With public and political demand for educational accountability never higher, educators are under enormous pressure to raise students' scores on standardized achievement tests. Policymakers are backing large-scale, high-stakes testing programs as the best way to determine which schools are failing and which schools are succeeding, and the only way to ensure the quality of students' schooling.
Nonsense, says distinguished educator and author W. James Popham.
In The Truth About Testing: An Educator's Call to Action, Popham explores both the absurdity and the serious destructive consequences of today's testing programs. He uses actual items drawn from current standardized achievement tests to show what these tests really measure and why they should never be used to evaluate school quality or teacher ability.
But, Popham insists, there's a way out of this measurement mess. And it's up to educators to take the first steps. Throughout this commonsense and conversational resource, the author appeals to educators to build their own assessment literacy, spread the word about harmful testing, and reexamine how they use test data in the classroom. He provides advice for distinguishing between sound and unsound large-scale tests, guidelines to help teachers maximize the instructional benefits properly constructed classroom tests can bring, and evidence-gathering strategies for teachers and administrators trying to survive and thrive in an accountability-driven environment.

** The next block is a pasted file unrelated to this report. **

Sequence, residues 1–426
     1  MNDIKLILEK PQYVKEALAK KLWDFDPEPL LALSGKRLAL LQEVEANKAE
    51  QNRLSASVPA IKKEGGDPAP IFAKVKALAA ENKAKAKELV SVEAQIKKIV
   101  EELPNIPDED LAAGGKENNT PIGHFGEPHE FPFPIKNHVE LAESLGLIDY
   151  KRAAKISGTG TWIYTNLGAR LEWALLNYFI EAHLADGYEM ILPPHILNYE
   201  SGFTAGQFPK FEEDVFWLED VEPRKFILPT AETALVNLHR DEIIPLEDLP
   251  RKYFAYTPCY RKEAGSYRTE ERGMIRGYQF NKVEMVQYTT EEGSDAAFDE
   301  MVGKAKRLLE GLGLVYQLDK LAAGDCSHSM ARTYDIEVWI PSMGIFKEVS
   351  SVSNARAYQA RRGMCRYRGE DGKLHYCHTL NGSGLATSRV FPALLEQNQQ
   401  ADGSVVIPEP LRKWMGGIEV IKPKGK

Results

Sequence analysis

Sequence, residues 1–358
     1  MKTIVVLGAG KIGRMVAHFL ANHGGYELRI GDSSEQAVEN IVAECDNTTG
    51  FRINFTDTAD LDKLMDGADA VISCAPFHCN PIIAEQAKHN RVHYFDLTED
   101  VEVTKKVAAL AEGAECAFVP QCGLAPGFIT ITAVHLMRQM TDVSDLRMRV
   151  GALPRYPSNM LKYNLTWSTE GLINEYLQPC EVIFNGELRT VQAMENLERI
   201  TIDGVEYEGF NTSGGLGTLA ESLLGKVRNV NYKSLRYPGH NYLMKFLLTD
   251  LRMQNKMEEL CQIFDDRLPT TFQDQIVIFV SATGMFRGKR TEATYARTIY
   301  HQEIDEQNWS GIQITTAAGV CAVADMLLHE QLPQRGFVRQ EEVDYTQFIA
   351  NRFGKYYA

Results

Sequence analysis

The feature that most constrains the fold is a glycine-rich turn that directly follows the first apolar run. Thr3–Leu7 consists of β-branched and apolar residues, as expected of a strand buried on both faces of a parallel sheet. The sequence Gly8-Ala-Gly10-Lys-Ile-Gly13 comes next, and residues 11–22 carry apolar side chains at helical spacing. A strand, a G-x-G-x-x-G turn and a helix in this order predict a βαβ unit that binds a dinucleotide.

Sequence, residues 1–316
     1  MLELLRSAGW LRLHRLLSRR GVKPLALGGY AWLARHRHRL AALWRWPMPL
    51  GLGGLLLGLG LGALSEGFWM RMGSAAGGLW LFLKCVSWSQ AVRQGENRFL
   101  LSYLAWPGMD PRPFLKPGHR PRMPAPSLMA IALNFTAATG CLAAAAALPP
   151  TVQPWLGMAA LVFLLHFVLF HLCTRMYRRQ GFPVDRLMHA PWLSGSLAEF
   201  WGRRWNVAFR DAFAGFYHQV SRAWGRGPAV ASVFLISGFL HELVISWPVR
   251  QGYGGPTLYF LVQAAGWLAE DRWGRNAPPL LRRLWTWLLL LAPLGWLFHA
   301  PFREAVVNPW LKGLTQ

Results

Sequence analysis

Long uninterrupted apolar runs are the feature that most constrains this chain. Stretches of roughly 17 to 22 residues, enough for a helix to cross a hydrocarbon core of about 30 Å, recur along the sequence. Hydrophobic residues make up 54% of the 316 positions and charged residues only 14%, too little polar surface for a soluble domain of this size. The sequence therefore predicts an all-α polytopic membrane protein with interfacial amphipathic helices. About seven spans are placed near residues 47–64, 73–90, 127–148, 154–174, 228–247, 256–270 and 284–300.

The book closes with a series of action items for educators interested in ending the score-boosting game, halting the erosion of educational quality, and establishing the kind of testing that can improve student learning.
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